The game setup. We prefer to play the cards on the right-hand side. Away from the tokens.




A mock-up of the board in the late game. The pit tends to get riddled with debris and gadgets, making the stakes quite high for those final few turns.
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Marco López Piñatelli
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The PnP only contains the following files:

hazard_cards.png
hazard_tiles_1.png
hazard_tiles_2.png
hazard_setup.pdf

Is that everything I need to play the game?
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That is just the hazard kit, a set of supplemental rules. The "Download the Game" picture above that links to the actual game. Click on the picture itself.

Sorry for the confusion! The down-arrow in the picture may have misdirected you. I'll fix when I get a chance.
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It's ok, I have the complete game now, thanks!
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Upcoming Refinements
This post may not make much sense to those who haven’t playtested or read the rules

I hear game designers oft repeat the wisdom that your game is ready when you are done taking things out of it. I suppose another way to put this is to be wary of mechanics that add more to the rules than to the experience. In that spirit, I like to mentally evaluate game mechanics for culling. It has been a while, but methinks we are ready for some such changes.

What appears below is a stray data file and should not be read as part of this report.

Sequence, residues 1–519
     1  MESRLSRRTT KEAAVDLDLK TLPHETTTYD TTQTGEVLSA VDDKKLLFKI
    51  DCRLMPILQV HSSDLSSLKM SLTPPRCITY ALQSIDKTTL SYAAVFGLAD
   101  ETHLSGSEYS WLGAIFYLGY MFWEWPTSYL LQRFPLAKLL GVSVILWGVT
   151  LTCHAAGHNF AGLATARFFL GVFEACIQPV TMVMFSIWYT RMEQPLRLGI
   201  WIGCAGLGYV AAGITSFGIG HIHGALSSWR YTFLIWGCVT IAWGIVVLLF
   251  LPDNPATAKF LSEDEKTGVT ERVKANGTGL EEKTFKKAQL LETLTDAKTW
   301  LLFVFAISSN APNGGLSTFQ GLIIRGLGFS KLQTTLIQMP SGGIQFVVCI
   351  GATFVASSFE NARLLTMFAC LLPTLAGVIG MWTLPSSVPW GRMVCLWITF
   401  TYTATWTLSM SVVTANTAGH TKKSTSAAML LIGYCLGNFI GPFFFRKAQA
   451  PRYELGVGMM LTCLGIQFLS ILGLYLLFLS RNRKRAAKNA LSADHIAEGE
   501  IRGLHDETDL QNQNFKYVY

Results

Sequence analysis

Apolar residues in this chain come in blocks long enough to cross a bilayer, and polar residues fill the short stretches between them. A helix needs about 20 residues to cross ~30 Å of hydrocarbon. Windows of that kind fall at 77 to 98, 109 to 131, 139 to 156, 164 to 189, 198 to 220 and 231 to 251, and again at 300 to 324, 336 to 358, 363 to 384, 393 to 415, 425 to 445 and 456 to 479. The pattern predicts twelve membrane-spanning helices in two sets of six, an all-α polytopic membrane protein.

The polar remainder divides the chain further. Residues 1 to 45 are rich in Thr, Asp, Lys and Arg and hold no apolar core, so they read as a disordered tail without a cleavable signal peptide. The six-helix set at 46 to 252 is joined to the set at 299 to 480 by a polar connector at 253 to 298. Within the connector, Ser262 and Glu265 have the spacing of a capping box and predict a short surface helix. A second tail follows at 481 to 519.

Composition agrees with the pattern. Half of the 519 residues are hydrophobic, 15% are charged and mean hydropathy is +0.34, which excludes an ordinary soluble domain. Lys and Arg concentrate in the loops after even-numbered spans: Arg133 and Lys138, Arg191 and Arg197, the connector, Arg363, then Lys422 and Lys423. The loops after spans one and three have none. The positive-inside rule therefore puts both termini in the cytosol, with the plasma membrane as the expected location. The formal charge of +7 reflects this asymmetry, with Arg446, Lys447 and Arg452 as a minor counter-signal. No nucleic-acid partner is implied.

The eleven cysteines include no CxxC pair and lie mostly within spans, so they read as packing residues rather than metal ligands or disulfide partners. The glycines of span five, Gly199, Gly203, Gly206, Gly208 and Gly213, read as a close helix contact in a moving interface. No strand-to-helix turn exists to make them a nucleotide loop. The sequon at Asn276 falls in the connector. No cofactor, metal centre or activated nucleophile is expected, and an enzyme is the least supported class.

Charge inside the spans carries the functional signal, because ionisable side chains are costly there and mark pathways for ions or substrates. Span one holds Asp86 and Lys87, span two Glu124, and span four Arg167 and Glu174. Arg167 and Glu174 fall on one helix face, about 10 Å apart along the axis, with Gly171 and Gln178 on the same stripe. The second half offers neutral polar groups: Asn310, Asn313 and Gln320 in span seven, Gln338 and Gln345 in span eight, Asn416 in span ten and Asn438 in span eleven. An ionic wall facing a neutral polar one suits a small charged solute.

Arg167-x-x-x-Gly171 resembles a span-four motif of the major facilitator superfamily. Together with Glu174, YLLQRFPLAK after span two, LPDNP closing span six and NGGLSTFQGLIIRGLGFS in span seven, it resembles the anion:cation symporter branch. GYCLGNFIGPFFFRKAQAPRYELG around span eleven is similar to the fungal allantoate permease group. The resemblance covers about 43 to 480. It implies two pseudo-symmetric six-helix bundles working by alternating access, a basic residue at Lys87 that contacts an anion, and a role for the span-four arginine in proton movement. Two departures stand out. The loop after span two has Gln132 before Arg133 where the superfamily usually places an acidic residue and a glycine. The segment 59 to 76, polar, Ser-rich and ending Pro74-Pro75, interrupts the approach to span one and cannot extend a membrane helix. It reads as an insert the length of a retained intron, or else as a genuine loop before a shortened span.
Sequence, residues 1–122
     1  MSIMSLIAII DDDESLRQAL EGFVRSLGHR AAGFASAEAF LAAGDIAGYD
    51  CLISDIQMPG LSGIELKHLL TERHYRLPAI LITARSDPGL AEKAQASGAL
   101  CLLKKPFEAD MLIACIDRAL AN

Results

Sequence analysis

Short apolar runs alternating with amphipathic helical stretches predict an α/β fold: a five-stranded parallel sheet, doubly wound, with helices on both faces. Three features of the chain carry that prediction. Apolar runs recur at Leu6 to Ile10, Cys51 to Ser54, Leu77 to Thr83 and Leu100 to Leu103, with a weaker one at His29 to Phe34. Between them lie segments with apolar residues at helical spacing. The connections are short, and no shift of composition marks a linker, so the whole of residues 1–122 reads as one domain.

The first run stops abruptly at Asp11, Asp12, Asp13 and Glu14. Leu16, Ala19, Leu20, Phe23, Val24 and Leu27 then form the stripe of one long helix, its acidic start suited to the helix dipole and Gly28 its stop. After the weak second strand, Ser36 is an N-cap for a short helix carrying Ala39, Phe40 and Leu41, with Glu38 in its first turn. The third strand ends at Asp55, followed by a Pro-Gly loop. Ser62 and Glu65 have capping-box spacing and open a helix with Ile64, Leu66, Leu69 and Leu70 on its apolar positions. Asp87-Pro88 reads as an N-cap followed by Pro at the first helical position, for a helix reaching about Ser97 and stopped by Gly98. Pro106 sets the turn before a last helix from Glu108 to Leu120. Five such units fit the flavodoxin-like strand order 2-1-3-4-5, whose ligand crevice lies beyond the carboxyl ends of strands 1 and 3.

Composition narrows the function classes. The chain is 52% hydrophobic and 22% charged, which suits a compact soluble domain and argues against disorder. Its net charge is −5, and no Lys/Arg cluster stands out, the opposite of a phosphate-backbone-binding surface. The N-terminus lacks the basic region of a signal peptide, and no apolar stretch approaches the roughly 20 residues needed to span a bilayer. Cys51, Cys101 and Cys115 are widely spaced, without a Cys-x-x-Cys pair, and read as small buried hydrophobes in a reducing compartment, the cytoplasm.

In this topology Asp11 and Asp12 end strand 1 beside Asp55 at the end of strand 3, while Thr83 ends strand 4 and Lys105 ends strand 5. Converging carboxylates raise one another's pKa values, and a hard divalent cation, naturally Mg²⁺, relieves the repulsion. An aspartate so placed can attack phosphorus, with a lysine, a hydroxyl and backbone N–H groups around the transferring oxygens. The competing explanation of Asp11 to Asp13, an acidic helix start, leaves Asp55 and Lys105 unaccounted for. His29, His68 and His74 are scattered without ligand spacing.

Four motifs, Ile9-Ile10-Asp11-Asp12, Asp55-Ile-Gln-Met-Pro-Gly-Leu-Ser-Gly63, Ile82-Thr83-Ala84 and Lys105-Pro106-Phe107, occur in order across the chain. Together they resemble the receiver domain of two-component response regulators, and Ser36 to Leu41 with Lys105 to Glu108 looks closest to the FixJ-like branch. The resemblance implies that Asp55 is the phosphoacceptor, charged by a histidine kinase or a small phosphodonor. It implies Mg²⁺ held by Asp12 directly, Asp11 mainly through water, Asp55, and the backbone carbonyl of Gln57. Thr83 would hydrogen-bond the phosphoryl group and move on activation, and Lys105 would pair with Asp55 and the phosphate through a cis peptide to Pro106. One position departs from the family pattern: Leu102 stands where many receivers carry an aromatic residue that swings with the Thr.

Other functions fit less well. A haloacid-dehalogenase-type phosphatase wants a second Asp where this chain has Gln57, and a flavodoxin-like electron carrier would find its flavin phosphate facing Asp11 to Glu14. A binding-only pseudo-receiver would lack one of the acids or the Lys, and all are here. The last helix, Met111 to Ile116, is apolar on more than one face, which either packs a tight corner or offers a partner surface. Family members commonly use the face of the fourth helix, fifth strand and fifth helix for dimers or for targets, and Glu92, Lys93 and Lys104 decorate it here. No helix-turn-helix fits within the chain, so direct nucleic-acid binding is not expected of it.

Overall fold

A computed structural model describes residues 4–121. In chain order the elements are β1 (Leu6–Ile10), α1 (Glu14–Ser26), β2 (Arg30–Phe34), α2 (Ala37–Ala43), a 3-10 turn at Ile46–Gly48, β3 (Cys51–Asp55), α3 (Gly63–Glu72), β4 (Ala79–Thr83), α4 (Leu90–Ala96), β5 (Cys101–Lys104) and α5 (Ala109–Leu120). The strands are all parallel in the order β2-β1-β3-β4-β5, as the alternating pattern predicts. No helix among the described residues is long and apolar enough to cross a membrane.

Mechanic - Retaliation Hits

Two clucks clashing with identical action types can trade hits at the same time:



This is fine on-occasion. Board placement of slag, gadgets, and walls mean the each cluck can suffer a very different outcome of the clash, even if they hit each-other with identical attacks.

However, the clucks are not identical. Some have advantages or disadvantages in a direct clash:


The Japanese cluck gets to strike first against most clucks head-on. The Chinese cluck is too slow to fare well head-on. Most opponents get to hit first.

The current rules state that, if your opponent gets to hit first because of a speed advantage, you can try to retaliate with your own hit afterwards, provided you are still in-range. This is good in that it allows a cluck to benefit from a speed advantage, but doesn’t completely shut the slower cluck out. It works, but there are several things I don’t like: